Tag Archives: ideation

Using Web 2.0 to manage IFAQs (Interactive FAQs) for help desks

Why are FAQs applicable to the enterprise?

A lot of people think FAQs (especially if you pronounce this | faks |) are only for online digerati (i.e., online techies). However, at their root, FAQs are the best answers to the most common questions asked by your customers or staff. This is applied knowledge management for customer care and internal support—albeit at a manually intensive, low efficiency level. If you could make this knowledge easily accessible by your customers or staff, you would have far fewer calls to your contact center or help desk (saving you lots of money).

Why are FAQs better than other forms of knowledge management?

So we established that FAQs are nascent forms of knowledge management…so what? Why is this better than other forms of knowledge management (KM), such as inferential case management systems, expert artificial intelligence system, Bayesian knowledge trees or recommendation engines?

Every year, customer support organizations pour millions of dollars into systems and approaches to automate knowledge management to achieve the triple goal of reducing contact center calls, call time and callback rate. Most of these programs do their job of managing knowledge but rarely achieve these reduction calls for a simple reason: they manage knowledge in a way that is optimal for IT, not in a way that is optimal for how human beings obtain knowledge. (If you don’t believe me, contact me to discuss over $200-million USD of real-world examples using ALL of the alternate KM techniques listed above.)

When people call you for help, they start by asking a question. Once they ask this question, they do not want to proceed down a tree of 19 other questions (they case-based version of “Twenty Questions”), they simply want an answer. If you have ever studied contact center traffic, you will find that on a given day or week, the large people are calling about limited set of items. If you can pull together the answers to the questions and make them easily to access, you can address the large majority of your customers’ (or staff members’) needs. Basically, this is management and provision of FAQs for your staff and customers.

If FAQs are better, why are enterprises not widely using them?

If you ever managed a FAQ list, you know this it is intensely manual process:

  • First, you need to look at all your submitted questions
  • Next, you need to categorize them and combine similar questions into one
  • Then you need to write answers
  • Finally, you need to post all of this in an easy-to-use format

This is hard enough in a static world. It is next-to-impossible in a dynamic world where the question of the day or week is always changing—and at high volume. This is why few enterprises use FAQs for knowledge management and support.

Why IFAQs (a.k.a. FAQs 2.0) is the answer

Interactive FAQs allow enterprises to manage and scale use of FAQs to manage customer care and support knowledge. To see why, we first need to define what an IFAQ is:

I•FAQ |ˈī fak| (noun)

Abbreviation for: Interactive Frequently Asked Question(s)

Definition: Content organization in the form of questions and answers about the use or operation of a particular product or service that is managed using a two-way flow of information between those asking the questions and those providing the answers.

  1. Open IFAQs enable anyone to ask questions or provide answers. These fully leverage open network behaviors, both for maximum flow of information and maximum exposure to redirection
  2. Hybrid IFAQs enable anyone to ask questions but limit who is able to provide answers (usually to approved experts). Hybrid IFAQs respond more slowly but add the benefit of providing enterprise-certified answers

Both types of IFAQs are social networks. Managers of these networks can moderate their content to ensure user generated content remains focused on the core topics of the IFAQ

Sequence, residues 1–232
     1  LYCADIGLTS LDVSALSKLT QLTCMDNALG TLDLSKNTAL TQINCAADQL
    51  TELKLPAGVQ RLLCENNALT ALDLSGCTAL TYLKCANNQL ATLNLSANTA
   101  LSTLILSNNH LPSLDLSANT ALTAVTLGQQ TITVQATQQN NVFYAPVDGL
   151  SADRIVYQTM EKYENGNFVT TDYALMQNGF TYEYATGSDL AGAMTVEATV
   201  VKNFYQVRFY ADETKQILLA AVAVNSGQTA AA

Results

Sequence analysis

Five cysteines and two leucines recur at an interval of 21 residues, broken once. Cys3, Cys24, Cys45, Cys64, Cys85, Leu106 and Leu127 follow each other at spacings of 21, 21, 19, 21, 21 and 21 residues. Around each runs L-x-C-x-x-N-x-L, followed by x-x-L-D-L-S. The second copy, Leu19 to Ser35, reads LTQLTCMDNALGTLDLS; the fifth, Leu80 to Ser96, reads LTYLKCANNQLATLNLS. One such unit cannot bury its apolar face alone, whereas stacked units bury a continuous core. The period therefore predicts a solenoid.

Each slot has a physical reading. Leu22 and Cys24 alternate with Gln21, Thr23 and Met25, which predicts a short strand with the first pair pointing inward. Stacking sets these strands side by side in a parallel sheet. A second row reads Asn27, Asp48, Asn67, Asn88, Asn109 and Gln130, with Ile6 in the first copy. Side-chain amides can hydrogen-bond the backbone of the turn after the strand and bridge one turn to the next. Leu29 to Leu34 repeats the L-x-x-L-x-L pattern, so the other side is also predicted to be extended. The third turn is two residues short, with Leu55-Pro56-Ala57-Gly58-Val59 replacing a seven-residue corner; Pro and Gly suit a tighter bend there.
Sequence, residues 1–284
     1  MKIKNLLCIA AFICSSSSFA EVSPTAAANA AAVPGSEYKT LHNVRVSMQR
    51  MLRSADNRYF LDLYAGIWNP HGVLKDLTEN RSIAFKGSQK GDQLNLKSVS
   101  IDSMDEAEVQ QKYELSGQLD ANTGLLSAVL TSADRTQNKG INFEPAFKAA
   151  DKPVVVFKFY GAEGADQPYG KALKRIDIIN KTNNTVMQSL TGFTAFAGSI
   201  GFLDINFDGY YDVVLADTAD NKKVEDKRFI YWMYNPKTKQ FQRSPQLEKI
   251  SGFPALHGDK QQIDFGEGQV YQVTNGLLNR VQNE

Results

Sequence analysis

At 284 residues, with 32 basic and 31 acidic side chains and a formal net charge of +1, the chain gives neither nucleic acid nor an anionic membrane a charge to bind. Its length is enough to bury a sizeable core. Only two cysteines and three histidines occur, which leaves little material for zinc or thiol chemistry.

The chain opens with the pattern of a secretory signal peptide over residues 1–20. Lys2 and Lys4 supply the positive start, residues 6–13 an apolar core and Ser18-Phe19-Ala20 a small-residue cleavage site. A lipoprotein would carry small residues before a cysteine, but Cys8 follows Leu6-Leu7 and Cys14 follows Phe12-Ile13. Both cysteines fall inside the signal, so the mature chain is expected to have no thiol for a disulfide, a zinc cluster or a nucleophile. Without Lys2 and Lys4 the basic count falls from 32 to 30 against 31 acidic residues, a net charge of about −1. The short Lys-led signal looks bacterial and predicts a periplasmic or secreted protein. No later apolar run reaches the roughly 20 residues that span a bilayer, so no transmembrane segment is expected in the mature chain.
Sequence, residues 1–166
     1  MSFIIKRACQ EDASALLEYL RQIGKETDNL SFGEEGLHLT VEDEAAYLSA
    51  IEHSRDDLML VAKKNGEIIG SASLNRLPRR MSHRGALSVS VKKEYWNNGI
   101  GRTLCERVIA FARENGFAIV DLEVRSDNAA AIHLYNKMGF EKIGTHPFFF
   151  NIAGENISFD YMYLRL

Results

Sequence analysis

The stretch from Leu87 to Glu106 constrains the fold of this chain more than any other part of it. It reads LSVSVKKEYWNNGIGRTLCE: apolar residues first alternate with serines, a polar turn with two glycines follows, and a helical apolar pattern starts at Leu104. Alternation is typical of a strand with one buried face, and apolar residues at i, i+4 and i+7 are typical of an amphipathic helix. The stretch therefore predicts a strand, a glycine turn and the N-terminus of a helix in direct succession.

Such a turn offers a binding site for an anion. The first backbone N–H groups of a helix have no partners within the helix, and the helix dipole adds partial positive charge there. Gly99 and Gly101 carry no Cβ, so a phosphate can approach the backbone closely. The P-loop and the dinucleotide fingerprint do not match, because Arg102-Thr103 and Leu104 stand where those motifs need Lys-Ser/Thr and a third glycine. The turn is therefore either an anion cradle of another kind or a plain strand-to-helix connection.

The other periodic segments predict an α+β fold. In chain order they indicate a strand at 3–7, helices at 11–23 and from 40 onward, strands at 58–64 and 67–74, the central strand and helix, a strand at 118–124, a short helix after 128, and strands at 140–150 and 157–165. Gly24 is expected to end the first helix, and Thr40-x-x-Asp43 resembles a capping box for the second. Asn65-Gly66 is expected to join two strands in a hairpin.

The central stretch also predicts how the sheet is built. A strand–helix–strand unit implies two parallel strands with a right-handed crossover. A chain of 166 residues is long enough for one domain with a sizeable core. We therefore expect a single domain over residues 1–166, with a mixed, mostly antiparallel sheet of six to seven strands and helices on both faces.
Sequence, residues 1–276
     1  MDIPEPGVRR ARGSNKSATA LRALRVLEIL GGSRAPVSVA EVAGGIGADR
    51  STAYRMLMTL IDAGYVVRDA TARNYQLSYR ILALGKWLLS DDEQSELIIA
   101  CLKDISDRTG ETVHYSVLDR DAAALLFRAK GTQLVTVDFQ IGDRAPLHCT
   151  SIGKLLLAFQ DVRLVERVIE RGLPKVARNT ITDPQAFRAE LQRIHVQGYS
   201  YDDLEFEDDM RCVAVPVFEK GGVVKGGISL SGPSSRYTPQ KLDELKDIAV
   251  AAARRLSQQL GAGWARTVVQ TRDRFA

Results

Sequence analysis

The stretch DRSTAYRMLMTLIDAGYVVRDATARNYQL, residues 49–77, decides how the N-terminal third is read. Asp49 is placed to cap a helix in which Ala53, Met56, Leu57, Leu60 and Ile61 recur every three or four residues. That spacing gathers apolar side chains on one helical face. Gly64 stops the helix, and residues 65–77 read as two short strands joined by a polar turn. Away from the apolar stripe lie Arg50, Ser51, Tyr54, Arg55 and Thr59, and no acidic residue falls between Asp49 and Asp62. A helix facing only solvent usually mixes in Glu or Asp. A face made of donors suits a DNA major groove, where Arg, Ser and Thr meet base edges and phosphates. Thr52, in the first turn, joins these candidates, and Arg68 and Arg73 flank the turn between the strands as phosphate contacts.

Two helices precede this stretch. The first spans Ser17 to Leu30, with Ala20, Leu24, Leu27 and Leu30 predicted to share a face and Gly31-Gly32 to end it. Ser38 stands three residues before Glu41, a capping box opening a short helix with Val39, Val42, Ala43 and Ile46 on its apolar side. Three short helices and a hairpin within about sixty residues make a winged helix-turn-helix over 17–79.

Alternate terminology: FAQ 2.0 |ˈfak toō pɔint ō|

With non-interactive knowledge management systems, the enterprise has to “guess” what knowledge it staff or customer needs. Enterprises typically do this by analyzing past requests then providing knowledge to their support staff – after the fact.
IFAQs turn this around entirely:

  • First and foremost, customers drive the process. They submit questions directly to the enterprise. (The enterprise responds by answering these questions.)
  • This dynamic builds the true list of most frequently asked questions. As this occurs, customers can look at the answers to these common questions (instead of asking new questions)
  • It is adaptive in real-time. When customers have a new concern, they immediate ask these questions. As soon as the enterprise answers the new question all other customers can see it. This can prevent call volume by detecting and publicly address of new issues as soon as they emerge

What makes a good IFAQ service?

To be effective an IFAQ service must have the following features and characteristics:

  1. Have an easy-to-use, intuitive interface. If you do not provide this, your customers will not want to use it
  2. Support multimedia content. A picture can be more useful than a thousand words; a video contains thousands of pictures (i.e., frames). Allowing both questions and answers to contain pictures, videos, audio and documents will make them much more compelling (compelling enough to get someone to use these vs. picking up the phone).
  3. Be able to organize questions around topics and calls-to-action. If you do not provide this you will get the “big pile of questions and answers” that makes it impossible for people to find what they need. I call social calls-to-action “social campaigns”
  4. Enable customers to submit, rate, and comment upon content. If you do not do this, you will not know if your answers are like, helpful or even correct. By letting users vote on your content, you can drive the best content to the top. But letting them expand upon it, you can learn better ways to present your answers to make them more effective.
  5. Provide rich moderation controls. You need to be able to manage what who can ask questions and who can answer them. You also need to be able to edit and remove duplicate or incorrect content. You also need to enable your users to report inappropriate content (and automatically remove content when a set number of people report this). If you do not provide this, you will lose control of your network
  6. Support enterprise integration. You will want to add this onto your enterprise. That means you will want to be able to integrate with employee directories and your CRM or ITIL Management systems. This is the difference between making an amateur or proof-of-concept IFAQ and an enterprise one.
  7. Integrate business intelligence. If you cannot analyze and report on how the IFAQ is used, you cannot measure its enterprise value.